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I'm trying to solve a simple mass-dashpot-spring system $$m\ddot{u}(t) + c\dot{u}(t) + ku(t) = F(t)$$ by making use of the Fourier transform defined as $$\tilde{f}(s) = \int_{-\infty}^{\infty} f(t) \, \mathrm{e}^{-\mathrm{i} (2 \pi s) t} \mathrm{d}t$$ such that the ODE transforms into $$-(2 \pi s)^2 m \tilde{u}(s) + \mathrm{i} (2 \pi s) c \tilde{u}(s) + k \tilde{u}(s) = \tilde{F}(s)$$ to eventually solve $$\tilde{u}(s) = \frac{\tilde{F}(s)}{-(2 \pi s)^2 m + \mathrm{i} (2 \pi s) c + k}$$ Say I have the forcing $$F(t) = \left\lbrace\matrix{\cos(t) & 0 \leq t < \pi/2 \\ 0 & \text{otherwise}}\right. \quad \rightarrow \quad \tilde{F}(s) = \frac{\mathrm{e}^{-\mathrm{i} \pi^2 s} + \mathrm{i} (2 \pi s)}{1-(2\pi s)^2}$$ accept the initial conditions $$u(0)=0, \; \dot{u}|_{t=0} = 0$$ and have the parameters $$m=1.3, \; c=0.6, \; k=1.7$$ Now, I want to transform it back to the time domain using the discrete Fourier transform. I think the basic idea is to compute solutions $\tilde{u}$ for several values of $s$ like this. If I plot the vector containing the complex valued solutions this results in (red - real, green - imaginary)

Then when using Maple's InverseFourierTransform function on the resulting vector I obtain rubbish:

What am I doing wrong here?

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Why are you using a discrete Fourier transform? Is this meant to be an approximation? –  joriki Feb 19 '13 at 11:27
    
Yes, I'm actually trying to solve a FEM system, so this is just a simplified problem to get started... I know this can be done perfectly by hand though. –  demorge Feb 19 '13 at 11:43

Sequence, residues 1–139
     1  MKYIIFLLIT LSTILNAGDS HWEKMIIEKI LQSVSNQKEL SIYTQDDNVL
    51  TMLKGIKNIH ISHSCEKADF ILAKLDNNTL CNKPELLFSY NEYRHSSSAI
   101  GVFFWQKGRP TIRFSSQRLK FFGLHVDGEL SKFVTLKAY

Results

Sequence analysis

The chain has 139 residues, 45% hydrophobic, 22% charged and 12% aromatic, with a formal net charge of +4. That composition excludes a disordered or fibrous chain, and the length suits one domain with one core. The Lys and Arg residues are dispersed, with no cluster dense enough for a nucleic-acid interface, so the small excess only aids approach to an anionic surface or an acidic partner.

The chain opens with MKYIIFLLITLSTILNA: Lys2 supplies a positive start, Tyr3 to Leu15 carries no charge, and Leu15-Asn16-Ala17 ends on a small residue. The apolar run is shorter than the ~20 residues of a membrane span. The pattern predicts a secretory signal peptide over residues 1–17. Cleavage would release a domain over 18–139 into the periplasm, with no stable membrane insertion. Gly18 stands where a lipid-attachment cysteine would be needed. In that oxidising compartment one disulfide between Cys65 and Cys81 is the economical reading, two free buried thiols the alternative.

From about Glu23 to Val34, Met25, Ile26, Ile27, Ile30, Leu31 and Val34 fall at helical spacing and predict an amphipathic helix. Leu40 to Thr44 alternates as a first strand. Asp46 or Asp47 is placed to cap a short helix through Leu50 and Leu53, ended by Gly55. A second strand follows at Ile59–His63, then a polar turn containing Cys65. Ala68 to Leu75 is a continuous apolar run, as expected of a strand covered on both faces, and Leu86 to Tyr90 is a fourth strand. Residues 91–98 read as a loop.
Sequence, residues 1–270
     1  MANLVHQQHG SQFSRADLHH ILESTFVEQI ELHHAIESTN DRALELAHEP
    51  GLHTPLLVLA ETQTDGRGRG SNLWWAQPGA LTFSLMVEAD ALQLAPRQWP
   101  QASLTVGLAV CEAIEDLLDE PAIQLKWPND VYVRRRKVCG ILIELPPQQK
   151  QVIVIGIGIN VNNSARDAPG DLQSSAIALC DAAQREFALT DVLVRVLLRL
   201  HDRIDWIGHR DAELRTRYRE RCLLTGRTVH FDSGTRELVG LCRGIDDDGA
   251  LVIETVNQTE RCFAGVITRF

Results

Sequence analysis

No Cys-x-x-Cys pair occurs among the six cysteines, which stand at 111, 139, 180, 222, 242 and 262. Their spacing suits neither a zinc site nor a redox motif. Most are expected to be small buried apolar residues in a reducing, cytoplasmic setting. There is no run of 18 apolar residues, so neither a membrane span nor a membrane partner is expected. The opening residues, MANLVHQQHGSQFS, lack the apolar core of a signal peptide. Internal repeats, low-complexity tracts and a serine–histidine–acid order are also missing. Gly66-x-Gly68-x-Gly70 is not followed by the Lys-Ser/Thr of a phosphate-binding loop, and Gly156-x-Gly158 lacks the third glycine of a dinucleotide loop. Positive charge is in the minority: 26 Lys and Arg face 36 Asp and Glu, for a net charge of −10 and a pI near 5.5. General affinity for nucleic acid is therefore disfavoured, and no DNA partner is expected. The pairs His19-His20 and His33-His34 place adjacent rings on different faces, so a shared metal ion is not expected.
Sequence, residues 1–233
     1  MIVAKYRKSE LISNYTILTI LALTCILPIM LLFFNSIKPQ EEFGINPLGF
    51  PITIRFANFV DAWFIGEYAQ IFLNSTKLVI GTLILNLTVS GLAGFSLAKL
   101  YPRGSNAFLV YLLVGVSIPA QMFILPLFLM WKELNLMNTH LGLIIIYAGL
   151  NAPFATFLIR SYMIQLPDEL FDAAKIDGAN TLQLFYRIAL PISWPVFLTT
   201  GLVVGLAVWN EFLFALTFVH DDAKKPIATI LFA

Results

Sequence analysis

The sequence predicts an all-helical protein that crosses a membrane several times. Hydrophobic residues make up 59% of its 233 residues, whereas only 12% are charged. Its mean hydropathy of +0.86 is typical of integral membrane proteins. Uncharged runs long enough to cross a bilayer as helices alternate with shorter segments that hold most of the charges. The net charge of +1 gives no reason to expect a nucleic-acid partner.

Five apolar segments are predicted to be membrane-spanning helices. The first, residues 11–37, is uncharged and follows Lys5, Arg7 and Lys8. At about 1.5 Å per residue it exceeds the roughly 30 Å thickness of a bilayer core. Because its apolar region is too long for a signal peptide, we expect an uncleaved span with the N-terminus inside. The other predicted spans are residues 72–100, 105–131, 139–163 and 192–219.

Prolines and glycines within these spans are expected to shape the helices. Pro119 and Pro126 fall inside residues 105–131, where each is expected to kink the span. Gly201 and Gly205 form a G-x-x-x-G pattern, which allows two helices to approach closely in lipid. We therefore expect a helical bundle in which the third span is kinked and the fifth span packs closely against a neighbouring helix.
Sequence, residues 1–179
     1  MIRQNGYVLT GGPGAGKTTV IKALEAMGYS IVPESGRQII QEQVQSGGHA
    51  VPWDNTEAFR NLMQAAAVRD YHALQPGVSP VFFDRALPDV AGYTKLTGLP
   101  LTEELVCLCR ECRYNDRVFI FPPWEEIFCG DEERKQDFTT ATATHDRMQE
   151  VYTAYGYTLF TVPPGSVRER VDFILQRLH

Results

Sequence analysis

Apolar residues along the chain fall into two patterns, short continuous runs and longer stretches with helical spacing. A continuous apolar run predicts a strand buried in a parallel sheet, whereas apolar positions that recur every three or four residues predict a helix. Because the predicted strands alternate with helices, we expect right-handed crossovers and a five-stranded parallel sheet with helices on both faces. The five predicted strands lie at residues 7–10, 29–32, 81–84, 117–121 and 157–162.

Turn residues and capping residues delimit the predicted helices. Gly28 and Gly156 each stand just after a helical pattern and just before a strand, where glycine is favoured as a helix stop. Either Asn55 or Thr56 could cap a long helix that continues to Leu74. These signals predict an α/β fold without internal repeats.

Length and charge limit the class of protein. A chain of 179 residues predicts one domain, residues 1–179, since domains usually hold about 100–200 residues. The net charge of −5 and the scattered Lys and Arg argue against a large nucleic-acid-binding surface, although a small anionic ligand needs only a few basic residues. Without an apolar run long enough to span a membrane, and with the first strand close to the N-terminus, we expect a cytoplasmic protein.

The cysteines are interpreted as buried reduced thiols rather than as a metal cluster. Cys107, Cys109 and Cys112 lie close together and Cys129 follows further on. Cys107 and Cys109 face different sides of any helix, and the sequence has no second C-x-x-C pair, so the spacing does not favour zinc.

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Just a guess (as I do not know Maple), but perhaps there is some shifting of the data going on in Maple. Something tells me, though, that is not the entire story, but at least it is a start. –  Ron Gordon Feb 19 '13 at 12:04
    
The plot does look like a decaying wave. Maybe it simply does not resolve in the graph (i.e., the number of points is too low?) –  user53153 Feb 21 '13 at 2:40
    
@rlgordonma: You are right, after swapping the left and right parts of the vector all is well. I suggest you turn your comment into an answer so I can accept it. –  demorge Feb 21 '13 at 8:29
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1 Answer

up vote 2 down vote accepted

Many times in programs like Maple, the Fourier transform routines shift the data so that what you would expect to be the center frequency is actually at the beginning of the array. In this case, you need to shift the data by half a cycle in the array to recover your expected behavior.

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